Stocks bounced on Monday as investors snapped up beaten-down shares such as banks after the Dow Jones Industrial Average notched eight straight losing weeks.
The blue chip index jumped 618.34 points, or nearly 2%, to 31,880.24. The S&P 500 advanced about 1.9% to 3,973.75, cutting its losses after falling into bear market territory at one point on Friday, down more than 20% from its record. The Nasdaq Composite rose 1.6% to 11,535.27.
It remains to be seen how long the three indexes can hold these levels, analysts said. Investors have been here before, welcoming small relief rallies during this year’s turmoil but wondering when the rebound will be strong enough to reverse the months-long downtrend.
“This impulse has failed multiple times over the past several weeks,” Ross Mayfield, investment strategy analyst at Baird, told CNBC. “The bar is higher now for sustained positive performance given all of the well-known headwinds” — like slowing growth, elevated valuations, rising rates and recession fears.
“With so many stocks down significantly year to date, it won’t be surprising to see a brief reprieve in U.S. markets today,” said Wayne Wicker, chief investment officer at MissionSquare Retirement. “However, with the given challenges related to inflation, rising interest rates and geopolitical events as we come into the summer months, investors should expect continued volatility in the near term.”
JPMorgan rose 6.2% after the bank said it expects to reach key return targets sooner than planned, thanks to rising rates giving its lending business a boost. Citi also got a 6% boost, as the benchmark 10-year Treasury yield rebounded from last week. Wells Fargo and Bank of America each added more than 5%.
Ross Stores and TJX were also in the top gainers Monday, up roughly 9.6% and 4.2%, respectively, coming off a busy few days of earnings for retailers. Others in the sector, including Costco, Dollar General, Nordstrom and Macy’s, are scheduled to report their results this week. That’ll be a key focal point for investors, who are eager to see if high-level demand remains robust and whether some of last week’s weakness was company-specific, Mayfield said.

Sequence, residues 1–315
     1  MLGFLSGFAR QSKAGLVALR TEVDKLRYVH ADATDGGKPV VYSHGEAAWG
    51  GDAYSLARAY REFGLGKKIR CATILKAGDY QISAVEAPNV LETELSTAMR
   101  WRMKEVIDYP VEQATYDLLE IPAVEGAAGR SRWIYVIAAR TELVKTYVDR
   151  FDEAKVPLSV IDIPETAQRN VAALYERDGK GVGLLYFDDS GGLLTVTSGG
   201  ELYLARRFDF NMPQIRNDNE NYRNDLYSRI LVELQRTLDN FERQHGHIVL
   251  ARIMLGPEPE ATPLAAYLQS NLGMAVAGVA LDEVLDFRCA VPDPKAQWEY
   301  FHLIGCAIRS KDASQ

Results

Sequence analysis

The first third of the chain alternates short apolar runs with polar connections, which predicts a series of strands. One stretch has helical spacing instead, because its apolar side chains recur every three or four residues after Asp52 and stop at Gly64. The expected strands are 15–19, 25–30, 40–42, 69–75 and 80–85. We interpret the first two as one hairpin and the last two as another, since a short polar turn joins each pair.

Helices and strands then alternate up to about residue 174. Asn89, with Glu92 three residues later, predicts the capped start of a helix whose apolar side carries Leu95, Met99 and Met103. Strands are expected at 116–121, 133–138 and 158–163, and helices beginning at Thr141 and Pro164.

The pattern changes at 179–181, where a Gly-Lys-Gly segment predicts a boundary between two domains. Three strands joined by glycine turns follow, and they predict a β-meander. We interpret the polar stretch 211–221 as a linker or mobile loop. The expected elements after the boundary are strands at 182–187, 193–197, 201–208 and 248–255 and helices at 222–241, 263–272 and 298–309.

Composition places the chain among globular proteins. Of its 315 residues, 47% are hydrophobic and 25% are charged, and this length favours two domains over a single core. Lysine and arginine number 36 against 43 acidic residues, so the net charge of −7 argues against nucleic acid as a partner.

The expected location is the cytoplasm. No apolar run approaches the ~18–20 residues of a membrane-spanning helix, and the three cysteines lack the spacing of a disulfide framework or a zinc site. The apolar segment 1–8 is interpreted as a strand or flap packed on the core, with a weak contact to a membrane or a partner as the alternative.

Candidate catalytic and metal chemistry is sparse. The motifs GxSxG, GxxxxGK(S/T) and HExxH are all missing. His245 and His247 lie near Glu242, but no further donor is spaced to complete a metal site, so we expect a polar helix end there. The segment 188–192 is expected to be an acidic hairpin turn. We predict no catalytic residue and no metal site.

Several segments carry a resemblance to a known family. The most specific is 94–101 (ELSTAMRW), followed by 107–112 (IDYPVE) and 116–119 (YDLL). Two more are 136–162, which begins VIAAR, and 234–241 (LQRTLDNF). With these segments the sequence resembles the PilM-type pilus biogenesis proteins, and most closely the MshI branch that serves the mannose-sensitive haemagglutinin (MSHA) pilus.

Shares of VMWare jumped more than 24.9% after Bloomberg News and Reuters reported that chipmaker Broadcom is in talks to acquire the cloud services company, citing sources. Broadcom shares fell 3.1%.
Electronic Arts shares rose 2.3% following a report that the video game maker is actively seeking a sale or merger.
Sentiment appeared to have gotten a boost after President Joe Biden said he was considering reducing tariffs on some products imported from China. “I am considering it,” Biden said. “We did not impose any of those tariffs. They were imposed by the last administration and they’re under consideration.”
Investors have been looking for signs of a bottom as the market 2022 sell-off in stocks approaches its sixth month. Oppenheimer’s chief investment strategist, John Stoltzfus, noted that nasty sell-offs aren’t uncommon in times of Federal Reserve tightening, and that the market appears “way over sold” with big declines hitting even stocks with strong cash flow and profitability.
“We remain positive on equities favoring cyclicals over defensives and profitable technology companies whose services and products are deeply embedded in the lives of both business and the consumer,” he said in a note Monday. “We look for the economy and the markets… to ‘work their way out of the woods’ from a period of high anxiety and crisis.”
The S&P 500 currently sits 17.5% off its record high, while the Dow is down 13.7%. The Nasdaq is already deep in bear market territory, down 28.8% from its high.
The end of last Friday’s session marked the Dow’s first eight-week losing streak since 1923. The S&P 500 also capped seven consecutive weeks of losses, its worst since 2001.
The Nasdaq saw its seventh negative week in a row for the first time since March 2001. The tech-heavy index also saw its lowest intraday level since November 2020 on Friday.
“Investors are trying to come to grips with what exactly is happening and always try to guess what the outcome is,” said Susan Schmidt of Aviva Investors. Investors and the market hate uncertainty “and this is a period where they don’t have any clear indication on what’s going to happen with this push-pull between inflation and the economy.”
In addition to this week’s retail earnings, investors are looking ahead to Zoom Video, which is set to report results Monday after the close. Nvidia results are also on deck this week.